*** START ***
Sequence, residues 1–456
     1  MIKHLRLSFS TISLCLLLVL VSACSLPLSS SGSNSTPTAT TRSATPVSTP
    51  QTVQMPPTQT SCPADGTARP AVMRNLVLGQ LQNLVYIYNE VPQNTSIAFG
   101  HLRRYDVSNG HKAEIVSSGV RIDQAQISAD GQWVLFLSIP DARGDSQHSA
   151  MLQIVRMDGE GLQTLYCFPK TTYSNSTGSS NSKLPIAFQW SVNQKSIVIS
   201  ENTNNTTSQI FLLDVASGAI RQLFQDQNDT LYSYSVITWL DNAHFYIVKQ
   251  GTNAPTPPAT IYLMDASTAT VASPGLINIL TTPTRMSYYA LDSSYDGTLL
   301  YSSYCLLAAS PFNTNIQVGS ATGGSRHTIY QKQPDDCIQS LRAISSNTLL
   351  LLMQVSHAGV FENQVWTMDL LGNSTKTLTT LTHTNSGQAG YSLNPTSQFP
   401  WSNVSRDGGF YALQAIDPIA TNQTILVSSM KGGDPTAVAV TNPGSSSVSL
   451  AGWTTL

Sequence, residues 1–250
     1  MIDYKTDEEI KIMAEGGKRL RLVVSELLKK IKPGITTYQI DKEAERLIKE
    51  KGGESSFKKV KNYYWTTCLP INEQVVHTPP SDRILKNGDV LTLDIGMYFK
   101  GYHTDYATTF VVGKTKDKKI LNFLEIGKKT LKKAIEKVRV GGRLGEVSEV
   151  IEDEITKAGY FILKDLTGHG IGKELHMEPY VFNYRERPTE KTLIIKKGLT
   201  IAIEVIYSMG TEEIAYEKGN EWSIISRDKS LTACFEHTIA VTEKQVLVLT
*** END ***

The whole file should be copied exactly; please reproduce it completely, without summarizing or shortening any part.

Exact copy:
Sequence, residues 1–456
     1  MIKHLRLSFS TISLCLLLVL VSACSLPLSS SGSNSTPTAT TRSATPVSTP
    51  QTVQMPPTQT SCPADGTARP AVMRNLVLGQ LQNLVYIYNE VPQNTSIAFG
   101  HLRRYDVSNG HKAEIVSSGV RIDQAQISAD GQWVLFLSIP DARGDSQHSA
   151  MLQIVRMDGE GLQTLYCFPK TTYSNSTGSS NSKLPIAFQW SVNQKSIVIS
   201  ENTNNTTSQI FLLDVASGAI RQLFQDQNDT LYSYSVITWL DNAHFYIVKQ
   251  GTNAPTPPAT IYLMDASTAT VASPGLINIL TTPTRMSYYA LDSSYDGTLL
   301  YSSYCLLAAS PFNTNIQVGS ATGGSRHTIY QKQPDDCIQS LRAISSNTLL
   351  LLMQVSHAGV FENQVWTMDL LGNSTKTLTT LTHTNSGQAG YSLNPTSQFP
   401  WSNVSRDGGF YALQAIDPIA TNQTILVSSM KGGDPTAVAV TNPGSSSVSL
   451  AGWTTL

Sequence, residues 1–250
     1  MIDYKTDEEI KIMAEGGKRL RLVVSELLKK IKPGITTYQI DKEAERLIKE
    51  KGGESSFKKV KNYYWTTCLP INEQVVHTPP SDRILKNGDV LTLDIGMYFK
   101  GYHTDYATTF VVGKTKDKKI LNFLEIGKKT LKKAIEKVRV GGRLGEVSEV
   151  IEDEITKAGY FILKDLTGHG IGKELHMEPY VFNYRERPTE KTLIIKKGLT
   201  IAIEVIYSMG TEEIAYEKGN EWSIISRDKS LTACFEHTIA VTEKQVLVLT